import { NgModule } from '@angular/core';
​
import { AppComponent } from './app.component';
import { HttpClientModule } from '@angular/common/http';
​
@NgModule({
  declarations: [
    AppComponent
  ],
  imports: [
    BrowserModule,
    HttpClientModule,
  ],
  bootstrap: [AppComponent]
})
export class AppModule {}

Make a request to the backend

You can now inject the HttpClient service in your root component—AppComponent. Next, create a property called teams$ that will hold the Observable of teams returned from our GET request.

import { Component } from '@angular/core';
import { HttpClient } from '@angular/common/http';
​
@Component({
  selector: 'app-root',
  templateUrl: './app.component.html',
  styleUrls: ['./app.component.css']
})
export class AppComponent {
  teams$ = this.http.get('http://localhost:3000/api/teams');
​
  constructor(private http: HttpClient) {}
}

Display the list of teams

We can now use the async pipe to and the *ngFor directive inside our component’s template to display the list of teams:

<h2>Teams</h2>
<div *ngFor="let team of teams$ | async">
  <h3>{{team.name}}</h2>
  <p>{{team.description}}</p>
</div>

Launch the application

We are ready to serve the application:

ng serve --open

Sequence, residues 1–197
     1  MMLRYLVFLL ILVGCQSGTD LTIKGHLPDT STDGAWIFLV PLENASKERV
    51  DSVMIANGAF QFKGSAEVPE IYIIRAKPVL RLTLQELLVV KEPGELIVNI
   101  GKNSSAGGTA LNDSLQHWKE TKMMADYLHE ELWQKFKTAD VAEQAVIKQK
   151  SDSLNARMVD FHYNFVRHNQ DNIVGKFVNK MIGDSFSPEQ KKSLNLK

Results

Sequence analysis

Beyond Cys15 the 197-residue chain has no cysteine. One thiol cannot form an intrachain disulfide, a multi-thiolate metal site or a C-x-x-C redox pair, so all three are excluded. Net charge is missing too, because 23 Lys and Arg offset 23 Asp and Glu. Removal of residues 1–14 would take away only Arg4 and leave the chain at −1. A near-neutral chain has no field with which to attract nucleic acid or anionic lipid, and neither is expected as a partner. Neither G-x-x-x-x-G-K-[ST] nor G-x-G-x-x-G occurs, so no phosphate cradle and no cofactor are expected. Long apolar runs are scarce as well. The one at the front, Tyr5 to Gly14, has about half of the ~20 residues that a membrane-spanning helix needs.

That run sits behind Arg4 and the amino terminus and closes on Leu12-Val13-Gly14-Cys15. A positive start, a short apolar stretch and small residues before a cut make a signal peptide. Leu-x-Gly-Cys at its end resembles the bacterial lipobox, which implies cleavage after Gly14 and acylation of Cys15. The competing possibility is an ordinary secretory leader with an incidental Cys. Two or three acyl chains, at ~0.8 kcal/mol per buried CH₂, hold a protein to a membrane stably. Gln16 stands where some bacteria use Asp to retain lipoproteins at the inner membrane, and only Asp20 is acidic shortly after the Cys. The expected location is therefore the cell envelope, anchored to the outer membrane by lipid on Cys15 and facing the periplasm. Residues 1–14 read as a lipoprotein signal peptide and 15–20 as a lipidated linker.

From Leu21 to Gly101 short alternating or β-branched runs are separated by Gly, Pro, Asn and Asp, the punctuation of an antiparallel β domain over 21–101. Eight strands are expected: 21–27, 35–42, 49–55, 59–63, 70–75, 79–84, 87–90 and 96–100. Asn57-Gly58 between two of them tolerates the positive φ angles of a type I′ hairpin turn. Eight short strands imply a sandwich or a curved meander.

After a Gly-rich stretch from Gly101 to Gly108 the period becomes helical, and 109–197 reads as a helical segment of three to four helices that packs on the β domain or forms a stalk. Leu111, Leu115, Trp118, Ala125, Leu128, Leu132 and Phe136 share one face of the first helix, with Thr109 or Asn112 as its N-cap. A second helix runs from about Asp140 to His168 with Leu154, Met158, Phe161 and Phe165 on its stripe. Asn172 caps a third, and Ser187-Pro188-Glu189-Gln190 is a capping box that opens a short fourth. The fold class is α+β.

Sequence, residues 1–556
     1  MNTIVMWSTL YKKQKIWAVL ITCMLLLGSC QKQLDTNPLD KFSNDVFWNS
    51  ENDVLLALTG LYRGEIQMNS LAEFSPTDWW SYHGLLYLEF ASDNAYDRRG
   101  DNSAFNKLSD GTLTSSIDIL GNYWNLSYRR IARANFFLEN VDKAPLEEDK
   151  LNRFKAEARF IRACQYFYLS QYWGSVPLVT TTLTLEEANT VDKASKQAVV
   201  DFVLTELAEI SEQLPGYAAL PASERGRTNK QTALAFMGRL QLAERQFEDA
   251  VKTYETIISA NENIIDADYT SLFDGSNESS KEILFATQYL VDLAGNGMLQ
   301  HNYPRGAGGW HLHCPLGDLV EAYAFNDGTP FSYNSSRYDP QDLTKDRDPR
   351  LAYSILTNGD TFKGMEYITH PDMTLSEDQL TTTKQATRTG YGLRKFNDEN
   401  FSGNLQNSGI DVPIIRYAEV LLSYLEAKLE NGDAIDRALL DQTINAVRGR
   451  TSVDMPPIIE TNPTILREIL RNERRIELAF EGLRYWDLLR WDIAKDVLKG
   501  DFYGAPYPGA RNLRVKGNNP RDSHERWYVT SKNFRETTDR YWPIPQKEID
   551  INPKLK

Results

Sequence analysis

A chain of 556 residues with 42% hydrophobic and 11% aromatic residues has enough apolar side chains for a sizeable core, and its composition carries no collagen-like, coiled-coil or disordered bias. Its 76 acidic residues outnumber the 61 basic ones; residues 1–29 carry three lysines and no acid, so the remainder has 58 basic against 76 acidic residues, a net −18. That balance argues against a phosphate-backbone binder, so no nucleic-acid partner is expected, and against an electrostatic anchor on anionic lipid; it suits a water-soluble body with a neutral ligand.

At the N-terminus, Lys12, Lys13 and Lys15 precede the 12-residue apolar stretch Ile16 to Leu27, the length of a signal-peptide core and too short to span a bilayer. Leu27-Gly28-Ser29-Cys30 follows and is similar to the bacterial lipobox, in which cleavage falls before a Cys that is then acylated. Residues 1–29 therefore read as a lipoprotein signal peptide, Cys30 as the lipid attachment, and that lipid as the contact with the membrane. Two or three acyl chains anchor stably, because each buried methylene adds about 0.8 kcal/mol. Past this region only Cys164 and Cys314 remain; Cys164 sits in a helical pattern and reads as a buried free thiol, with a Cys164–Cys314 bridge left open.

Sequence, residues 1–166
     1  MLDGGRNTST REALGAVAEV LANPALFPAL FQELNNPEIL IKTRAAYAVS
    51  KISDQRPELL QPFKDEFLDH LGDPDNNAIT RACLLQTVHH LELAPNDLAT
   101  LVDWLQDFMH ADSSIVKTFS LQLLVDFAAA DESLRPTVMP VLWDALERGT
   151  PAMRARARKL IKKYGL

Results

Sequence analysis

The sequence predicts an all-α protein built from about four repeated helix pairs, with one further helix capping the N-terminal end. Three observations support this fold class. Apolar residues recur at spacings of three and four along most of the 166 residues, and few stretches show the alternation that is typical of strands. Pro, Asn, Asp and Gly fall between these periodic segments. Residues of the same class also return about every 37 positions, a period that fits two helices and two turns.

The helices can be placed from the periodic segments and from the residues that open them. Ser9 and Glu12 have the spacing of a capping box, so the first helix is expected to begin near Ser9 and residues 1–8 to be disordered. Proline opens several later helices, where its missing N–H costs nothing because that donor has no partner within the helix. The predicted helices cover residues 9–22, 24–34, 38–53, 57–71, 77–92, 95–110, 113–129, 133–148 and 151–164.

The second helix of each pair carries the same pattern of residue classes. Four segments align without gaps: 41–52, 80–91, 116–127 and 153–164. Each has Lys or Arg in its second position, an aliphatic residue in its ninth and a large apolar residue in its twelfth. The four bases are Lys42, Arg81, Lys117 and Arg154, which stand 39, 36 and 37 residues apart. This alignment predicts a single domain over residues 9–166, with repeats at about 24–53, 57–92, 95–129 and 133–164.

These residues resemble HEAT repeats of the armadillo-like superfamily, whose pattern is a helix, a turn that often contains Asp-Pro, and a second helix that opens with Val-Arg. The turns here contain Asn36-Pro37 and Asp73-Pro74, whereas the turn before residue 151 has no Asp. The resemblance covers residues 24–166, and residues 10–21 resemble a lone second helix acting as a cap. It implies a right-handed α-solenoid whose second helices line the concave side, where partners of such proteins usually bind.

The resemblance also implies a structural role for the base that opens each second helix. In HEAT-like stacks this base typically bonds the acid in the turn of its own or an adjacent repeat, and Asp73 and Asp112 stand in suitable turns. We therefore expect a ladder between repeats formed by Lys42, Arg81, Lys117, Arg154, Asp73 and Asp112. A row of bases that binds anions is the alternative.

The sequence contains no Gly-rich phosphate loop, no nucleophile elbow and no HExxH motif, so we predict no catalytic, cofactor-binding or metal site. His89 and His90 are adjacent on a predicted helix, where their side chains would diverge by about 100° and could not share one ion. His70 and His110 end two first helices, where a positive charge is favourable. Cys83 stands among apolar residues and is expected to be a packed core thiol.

The will automatically open your browser thanks to the --open flag. But hey, nothing is displayed on the page. Open your browser’s dev tools and you will see that the request failed due to CORS issues.

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This happens because our Angular application and our backend are not on the same domain — different ports tantamount to different domain names.

Solving CORS issues

To solve CORS issues the easiest way is to avoid cross-domain HTTP calls altogether. Most of the time, our frontend and our backend reside in the same domain so we don’t have any CORS issue in production. This is a development time issue and the solution is to take advantage of the Angular CLI’s development server built-in proxy and make all our HTTP call relative.

Make our HTTP calls relative